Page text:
So here’s a better, more productive, way to think about it. If you try playing along with the metronome and it doesn’t go so well, all it means is that the skill has yet to become automatic.  If you have to devote your attention to the movement of your hands when the metronome is clicking, then it is biologically impossible to play in sync with it. The path just isn’t fully formed, and so a little more time is needed in the woodshed.

I should point out here, though it may be obvious to you, that you can use things besides a metronome for this purpose. All you need is some sort of external timekeeping device; something you have to focus your attention on whilst your hands are otherwise engaged in the business of picking.

One option could be another human being tapping their feet, clapping their hands, or banging a drum at a steady beat (provided they’re capable of such things), or, even better, a guitarist with solid rhythm strumming along.

I’m also a big fan of backing tracks (in fact, I’ve found them so helpful I’ve got a whole website full of hundreds of them!), which provide the added advantage of simulating a musical experience. So they’re a wonderful tool if you have access to them (or you can create your own). And, these days there are all sorts of free metronomic devices online, including this metronome playlist I compiled on youtube.

Suffice to say, you don’t have any excuses for not using one!

So this brings us to the 4th law of Brainjo, which is:

 

Brainjo Law #4: Test for automaticity by playing alongside an external timekeeping device

 

You can apply to this law to virtually anything new that you’re learning, whether it’s early techniques like hammer ons, pull offs, and basic chord shapes, a difficult bit of fingering in a particular tune, or an entire song.

 

With this fourth law established, we can create a foolproof and basic template/procedure to guide the pace of learning anything new on the banjo, which is this:

 

1. Practice the new thing until it gets easier, then

2. Test for automaticity by playing along with an external timekeeping device

 

If you fail step 2, you just go back to step 1 and repeat the process. If you pass step 2, then you can move to the next item in your learning agenda, with the confidence that you’ve effectively carved out yet another pathway.

 

You’re now one step further to building your banjo playing brain.

 



About the Author: Dr. Josh Turknett is the creator of the Brainjo Method, the first music teaching system to incorporate the science of learning and neuroplasticity and specifically target the adult learner (more at aboutbrainjo.com)



21 comments on “The Immutable Laws of Brainjo: Episode 2 (How To Play In The Zone, part 2)”

helijohn Says:
Tuesday, February 17, 2015 @4:09:31 PM

Brilliant. I believe in making new pathways all through life. Wouldn't it be good if I could have a conversation and pick the stings at the same time.

Bullard Says:
Tuesday, February 17, 2015 @5:51:43 PM

great article and information Dr. T! Now I know why playing very slowly with a metronome and gradually building up the speed works so well in learning new material - and keeping older material in good shape!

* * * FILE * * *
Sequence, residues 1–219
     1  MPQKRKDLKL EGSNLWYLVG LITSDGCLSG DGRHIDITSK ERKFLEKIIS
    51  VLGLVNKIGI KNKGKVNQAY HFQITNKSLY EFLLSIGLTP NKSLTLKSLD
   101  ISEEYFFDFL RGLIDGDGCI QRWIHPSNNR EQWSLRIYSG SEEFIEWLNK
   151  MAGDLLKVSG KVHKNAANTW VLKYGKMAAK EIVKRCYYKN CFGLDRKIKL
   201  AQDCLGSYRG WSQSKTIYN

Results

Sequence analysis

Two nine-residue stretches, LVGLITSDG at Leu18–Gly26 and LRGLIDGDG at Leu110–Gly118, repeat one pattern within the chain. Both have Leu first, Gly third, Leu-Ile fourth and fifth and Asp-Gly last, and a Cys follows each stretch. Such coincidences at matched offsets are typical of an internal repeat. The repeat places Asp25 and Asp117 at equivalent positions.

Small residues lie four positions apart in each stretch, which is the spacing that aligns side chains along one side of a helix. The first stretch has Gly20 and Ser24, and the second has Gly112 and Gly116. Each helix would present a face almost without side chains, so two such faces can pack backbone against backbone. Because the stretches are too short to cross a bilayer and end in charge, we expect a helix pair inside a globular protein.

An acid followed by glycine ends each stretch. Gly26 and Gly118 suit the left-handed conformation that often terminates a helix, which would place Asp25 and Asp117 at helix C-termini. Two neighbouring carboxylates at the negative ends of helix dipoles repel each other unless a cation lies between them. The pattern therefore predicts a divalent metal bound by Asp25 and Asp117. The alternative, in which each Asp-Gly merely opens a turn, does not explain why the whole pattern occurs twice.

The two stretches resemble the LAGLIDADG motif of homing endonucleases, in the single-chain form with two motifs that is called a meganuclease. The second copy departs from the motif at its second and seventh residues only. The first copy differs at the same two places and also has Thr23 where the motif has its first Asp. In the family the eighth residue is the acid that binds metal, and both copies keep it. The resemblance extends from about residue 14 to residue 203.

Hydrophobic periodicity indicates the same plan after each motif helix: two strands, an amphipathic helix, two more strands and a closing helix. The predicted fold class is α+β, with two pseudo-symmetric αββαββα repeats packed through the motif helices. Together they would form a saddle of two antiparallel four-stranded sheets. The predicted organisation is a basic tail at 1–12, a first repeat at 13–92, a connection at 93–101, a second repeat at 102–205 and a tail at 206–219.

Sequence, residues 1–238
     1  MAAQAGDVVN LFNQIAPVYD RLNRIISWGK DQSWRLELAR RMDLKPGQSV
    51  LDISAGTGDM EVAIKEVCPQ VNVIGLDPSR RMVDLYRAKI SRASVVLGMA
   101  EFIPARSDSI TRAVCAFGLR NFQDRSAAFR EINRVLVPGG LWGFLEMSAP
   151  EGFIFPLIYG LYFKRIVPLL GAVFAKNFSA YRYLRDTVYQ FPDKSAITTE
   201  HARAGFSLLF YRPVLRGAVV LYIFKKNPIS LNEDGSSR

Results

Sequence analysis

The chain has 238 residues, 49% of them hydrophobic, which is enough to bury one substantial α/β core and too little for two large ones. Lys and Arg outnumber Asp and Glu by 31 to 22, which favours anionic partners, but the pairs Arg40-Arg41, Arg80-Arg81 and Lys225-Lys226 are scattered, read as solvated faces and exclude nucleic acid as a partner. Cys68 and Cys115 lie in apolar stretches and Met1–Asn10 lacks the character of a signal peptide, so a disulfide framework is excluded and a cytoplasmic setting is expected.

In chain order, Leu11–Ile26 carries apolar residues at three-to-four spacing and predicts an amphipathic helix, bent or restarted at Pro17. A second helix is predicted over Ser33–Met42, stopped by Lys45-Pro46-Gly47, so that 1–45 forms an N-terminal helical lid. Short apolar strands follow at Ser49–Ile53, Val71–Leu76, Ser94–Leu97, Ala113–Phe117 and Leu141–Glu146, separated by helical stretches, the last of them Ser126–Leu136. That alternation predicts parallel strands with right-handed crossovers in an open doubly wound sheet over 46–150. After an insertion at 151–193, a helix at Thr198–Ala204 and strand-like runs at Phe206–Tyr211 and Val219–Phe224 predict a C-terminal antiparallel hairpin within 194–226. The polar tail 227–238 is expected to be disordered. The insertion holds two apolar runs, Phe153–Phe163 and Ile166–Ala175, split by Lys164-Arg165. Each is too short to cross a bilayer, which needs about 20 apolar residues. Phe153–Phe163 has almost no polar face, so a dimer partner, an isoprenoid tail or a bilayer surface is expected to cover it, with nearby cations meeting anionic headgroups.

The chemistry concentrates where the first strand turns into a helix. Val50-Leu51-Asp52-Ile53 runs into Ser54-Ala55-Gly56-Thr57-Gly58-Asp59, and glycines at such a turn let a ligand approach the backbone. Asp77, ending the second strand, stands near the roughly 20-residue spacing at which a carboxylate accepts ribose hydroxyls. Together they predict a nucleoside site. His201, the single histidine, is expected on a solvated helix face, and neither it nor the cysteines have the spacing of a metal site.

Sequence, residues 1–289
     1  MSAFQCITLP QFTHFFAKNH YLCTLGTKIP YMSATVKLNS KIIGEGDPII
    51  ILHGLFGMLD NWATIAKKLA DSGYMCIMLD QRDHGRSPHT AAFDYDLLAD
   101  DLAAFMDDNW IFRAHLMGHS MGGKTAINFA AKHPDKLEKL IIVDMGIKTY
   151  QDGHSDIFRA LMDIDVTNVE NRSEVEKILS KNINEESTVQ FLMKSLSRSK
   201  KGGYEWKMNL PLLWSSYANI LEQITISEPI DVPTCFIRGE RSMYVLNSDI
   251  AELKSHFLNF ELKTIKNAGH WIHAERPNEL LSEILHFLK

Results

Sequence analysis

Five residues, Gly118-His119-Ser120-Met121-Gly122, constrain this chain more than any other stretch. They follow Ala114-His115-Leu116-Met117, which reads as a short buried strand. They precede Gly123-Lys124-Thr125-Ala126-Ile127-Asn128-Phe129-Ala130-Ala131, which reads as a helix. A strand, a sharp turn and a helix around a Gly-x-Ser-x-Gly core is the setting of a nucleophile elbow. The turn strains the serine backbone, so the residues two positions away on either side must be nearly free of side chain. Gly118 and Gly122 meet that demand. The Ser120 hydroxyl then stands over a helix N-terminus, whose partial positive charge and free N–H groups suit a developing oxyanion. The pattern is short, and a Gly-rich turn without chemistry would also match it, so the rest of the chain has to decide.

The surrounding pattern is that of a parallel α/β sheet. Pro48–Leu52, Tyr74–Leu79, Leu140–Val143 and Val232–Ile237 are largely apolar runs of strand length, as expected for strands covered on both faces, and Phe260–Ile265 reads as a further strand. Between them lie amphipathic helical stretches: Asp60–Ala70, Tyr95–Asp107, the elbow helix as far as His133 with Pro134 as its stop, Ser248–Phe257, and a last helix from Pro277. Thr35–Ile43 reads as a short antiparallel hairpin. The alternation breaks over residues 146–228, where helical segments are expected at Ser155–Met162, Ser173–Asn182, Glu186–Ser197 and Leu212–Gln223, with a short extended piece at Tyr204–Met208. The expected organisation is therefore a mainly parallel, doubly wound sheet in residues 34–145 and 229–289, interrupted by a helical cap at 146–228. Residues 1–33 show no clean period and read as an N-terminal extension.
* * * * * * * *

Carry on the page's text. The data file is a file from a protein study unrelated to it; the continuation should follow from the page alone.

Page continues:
eMike Says:
Tuesday, February 17, 2015 @7:43:38 PM

Great stuff, thanks!! BTW, what does a neuroplastician do?

jhko Says:
Tuesday, February 17, 2015 @10:23:18 PM

One issue I'm interested in is how long this all takes. My experience is that most people wildly underestimate the time needed to build these neural pathways. I know from my experience doing semi-pro musical theater for years, that it took around 60 repetitions (spaced over several weeks) of the lines in a show just to get the lines memorized. Then it took many more repetitions to add more subtle levels of content (emotional intent, movement, etc.). 60 repetitions may not sound like a lot, but it actually is quite a bit. It means running through a show three times a day for three solid weeks. Amateur performers would always way under-prepare, and then be surprised when they couldn't remember their lines.

I find music to be similar. For me to memorize a new song seems to take about the same number of repetitions, just for very basic memorization. Then it takes many, many more repetitions over weeks, sometimes months and years to build the quality level higher and higher. I'd like to hear your thoughts on this- practically speaking how long it takes the pathways to be built. Also, how long before the neural pathways start to break down again (due to lack of practice).

mjpgkessels Says:
Wednesday, February 18, 2015 @3:12:38 AM

I fully agree with jhko.
Is singing along of a song you know
very well a good timekeeper for
your banjo. Has it more soul than this
cold metronome?

Grumps Says:
Wednesday, February 18, 2015 @4:03:16 AM

Thanks, this has really enlightened me, it's been happening, whilst playing & being distracted by surrounding items, an open book, reading a passage, "I'm still playing !!!" & being astounded afterwards, marvelling that my 'single remaining brain-cell' can do this !! but not fully understanding. Thanks again Dr.Josh.

Neil Allen Says:
Wednesday, February 18, 2015 @4:51:44 AM